Lost River Cave Crawl:

If you are planning a trip to Lost River Cave (and you should!), here are some items they recommend you bring.

  • Wear clothes suitable for crawling and climbing that you do not mind ruining with mud.  Denim is a poor choice as it gets heavy and uncomfortable when wet. Non-belted nylon pants also want to slide off when they get muddy.
  • Wear close-toed shoes with good traction that you don’t mind ruining with mud and water.  Rain galoshes are a great choice.
  • Wear gloves that fit your hands well.
  • Bring knee pads.  Lowes or Home Depot are great places to find an inexpensive pair.  (Do not get a pair with a hard shell.)
  • Bring a change of clothes with you for after the tour (and a garbage bag to put your wet muddy ones in). If you are not the last cave crawl of the day, there are many other activities planned at Lost River, so you’ll probably want to change clothes.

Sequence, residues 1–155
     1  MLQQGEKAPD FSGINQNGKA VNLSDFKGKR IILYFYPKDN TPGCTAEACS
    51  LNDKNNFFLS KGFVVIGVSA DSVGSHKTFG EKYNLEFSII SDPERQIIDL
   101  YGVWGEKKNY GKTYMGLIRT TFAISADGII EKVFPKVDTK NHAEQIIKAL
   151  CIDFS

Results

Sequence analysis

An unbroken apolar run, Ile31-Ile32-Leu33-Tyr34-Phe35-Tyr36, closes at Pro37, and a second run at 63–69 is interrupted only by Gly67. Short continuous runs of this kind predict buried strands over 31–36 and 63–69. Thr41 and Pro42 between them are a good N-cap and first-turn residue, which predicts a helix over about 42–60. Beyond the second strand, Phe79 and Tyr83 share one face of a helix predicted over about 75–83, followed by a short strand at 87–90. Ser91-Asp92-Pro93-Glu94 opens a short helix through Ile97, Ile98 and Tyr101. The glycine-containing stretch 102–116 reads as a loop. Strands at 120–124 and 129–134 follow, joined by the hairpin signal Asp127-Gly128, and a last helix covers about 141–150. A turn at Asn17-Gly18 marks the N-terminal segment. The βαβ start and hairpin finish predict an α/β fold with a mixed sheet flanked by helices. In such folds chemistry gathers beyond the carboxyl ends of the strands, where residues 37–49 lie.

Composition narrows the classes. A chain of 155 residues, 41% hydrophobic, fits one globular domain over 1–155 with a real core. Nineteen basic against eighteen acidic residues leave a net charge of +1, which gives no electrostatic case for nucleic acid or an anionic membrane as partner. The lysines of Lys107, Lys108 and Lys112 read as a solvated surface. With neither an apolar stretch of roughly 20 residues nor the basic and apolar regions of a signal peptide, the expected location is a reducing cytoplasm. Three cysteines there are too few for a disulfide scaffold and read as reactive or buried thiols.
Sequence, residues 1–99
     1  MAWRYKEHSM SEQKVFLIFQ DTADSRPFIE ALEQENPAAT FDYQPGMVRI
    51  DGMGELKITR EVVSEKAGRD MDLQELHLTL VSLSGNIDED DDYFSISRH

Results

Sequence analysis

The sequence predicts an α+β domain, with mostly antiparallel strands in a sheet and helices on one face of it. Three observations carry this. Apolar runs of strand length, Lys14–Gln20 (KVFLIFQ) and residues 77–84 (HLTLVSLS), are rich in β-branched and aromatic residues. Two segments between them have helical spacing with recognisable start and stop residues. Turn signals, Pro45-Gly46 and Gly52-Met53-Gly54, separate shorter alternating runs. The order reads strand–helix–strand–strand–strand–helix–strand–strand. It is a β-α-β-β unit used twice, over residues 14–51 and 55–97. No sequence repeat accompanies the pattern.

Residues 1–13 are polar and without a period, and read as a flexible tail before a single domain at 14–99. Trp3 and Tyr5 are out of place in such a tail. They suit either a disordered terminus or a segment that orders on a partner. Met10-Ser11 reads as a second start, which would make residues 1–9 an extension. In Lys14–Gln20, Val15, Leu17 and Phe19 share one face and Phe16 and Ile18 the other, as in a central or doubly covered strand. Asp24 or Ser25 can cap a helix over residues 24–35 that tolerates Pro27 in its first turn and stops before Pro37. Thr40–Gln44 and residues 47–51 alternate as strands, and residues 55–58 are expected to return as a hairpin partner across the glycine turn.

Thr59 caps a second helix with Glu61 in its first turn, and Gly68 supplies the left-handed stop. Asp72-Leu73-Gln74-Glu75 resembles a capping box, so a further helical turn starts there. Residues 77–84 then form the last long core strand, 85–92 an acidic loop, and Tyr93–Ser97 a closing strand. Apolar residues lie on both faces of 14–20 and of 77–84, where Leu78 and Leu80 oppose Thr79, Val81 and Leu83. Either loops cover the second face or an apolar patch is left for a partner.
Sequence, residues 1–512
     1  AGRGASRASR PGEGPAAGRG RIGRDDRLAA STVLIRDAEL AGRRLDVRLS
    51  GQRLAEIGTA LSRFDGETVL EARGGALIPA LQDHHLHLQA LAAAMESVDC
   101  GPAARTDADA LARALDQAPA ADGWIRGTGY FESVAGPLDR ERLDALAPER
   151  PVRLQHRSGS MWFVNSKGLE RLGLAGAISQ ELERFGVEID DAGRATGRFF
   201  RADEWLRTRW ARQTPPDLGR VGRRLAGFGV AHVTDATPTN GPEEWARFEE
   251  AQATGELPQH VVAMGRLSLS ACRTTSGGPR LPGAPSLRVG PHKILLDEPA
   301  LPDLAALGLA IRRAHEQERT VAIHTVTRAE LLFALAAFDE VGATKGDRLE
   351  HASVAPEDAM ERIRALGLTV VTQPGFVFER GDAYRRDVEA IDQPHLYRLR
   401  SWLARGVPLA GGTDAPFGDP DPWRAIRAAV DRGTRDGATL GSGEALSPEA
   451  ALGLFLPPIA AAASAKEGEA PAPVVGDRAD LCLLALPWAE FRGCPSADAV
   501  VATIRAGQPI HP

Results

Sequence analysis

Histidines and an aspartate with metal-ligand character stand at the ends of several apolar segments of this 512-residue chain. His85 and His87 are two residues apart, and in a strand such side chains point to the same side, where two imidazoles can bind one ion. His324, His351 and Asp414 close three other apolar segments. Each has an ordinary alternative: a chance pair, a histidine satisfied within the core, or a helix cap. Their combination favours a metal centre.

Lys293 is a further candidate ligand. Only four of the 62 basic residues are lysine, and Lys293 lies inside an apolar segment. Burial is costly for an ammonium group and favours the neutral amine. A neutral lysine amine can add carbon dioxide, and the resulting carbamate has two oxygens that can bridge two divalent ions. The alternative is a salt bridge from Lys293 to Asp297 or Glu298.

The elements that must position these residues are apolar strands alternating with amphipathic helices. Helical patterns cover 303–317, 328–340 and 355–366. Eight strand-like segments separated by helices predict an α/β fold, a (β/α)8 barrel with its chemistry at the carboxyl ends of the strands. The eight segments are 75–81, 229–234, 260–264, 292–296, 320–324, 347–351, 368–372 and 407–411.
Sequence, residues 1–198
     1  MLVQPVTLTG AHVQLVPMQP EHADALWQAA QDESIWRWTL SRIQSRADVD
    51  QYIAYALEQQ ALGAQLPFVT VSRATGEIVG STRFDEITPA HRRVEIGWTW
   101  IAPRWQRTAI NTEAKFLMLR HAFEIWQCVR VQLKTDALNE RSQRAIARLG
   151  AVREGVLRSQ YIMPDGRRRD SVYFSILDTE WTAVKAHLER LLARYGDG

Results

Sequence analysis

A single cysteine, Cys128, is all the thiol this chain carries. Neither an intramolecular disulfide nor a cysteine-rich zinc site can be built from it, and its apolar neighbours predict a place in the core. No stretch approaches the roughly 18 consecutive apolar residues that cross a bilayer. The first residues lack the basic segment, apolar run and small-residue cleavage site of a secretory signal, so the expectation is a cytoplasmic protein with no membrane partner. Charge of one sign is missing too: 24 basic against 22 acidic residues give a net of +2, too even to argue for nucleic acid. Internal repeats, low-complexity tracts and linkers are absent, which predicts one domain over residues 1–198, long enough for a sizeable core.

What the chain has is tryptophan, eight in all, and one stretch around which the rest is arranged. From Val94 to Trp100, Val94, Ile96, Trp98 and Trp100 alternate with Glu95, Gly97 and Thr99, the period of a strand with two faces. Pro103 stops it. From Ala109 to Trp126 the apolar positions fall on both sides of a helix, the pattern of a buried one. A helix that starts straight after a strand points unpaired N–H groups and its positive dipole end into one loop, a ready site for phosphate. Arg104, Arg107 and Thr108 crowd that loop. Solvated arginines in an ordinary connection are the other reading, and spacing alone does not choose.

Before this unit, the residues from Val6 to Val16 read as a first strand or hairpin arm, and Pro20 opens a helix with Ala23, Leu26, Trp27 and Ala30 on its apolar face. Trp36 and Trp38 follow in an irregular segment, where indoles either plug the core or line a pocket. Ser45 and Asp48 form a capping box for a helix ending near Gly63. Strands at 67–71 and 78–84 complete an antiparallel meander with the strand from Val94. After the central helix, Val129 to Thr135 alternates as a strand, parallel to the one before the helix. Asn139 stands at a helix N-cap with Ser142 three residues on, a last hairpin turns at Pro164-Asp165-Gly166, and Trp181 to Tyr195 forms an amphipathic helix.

• Please make sure all personal property like cameras, phones, tablets, etc. is protected. It is best if you DO NOT bring them.
  • You are allowed to bring a bottle of water with you.
  • This area of the cave is 60 degrees this time of the year. Dress to be comfortable for strenuous play in that temperature.

Clothing to Consider in General on This Trip:

  • Sweatshirts
  • Rain jacket
  • Sturdy shoes or hiking boots

Dress Code

Please wear (and be sure your children wear) clothes that meet the following standards:

  • shorts should cover the upper thighs (no “short shorts”)
  • no low-cut shirts or low-cut tank tops
  • no halter tops or shirts that expose the midriff
  • no clothing (including hats, bags, etc.) that display risqué, offensive, inappropriate logos, mottos or art or curse words. This includes, but is not limited to, logos advertising or advocating the use of alcoholic products, tobacco products, or drugs.


  • Bring your own towels and wash cloths
  • Your favorite games
  • Remember meals are on your own, so bring your favorite cooking utensils and your crock pot or instant pot! You’ll probably also want to bring a cooler to keep food or drinks in when we’re away from the campground.
  • Bring an extra backpack or two in case you need them.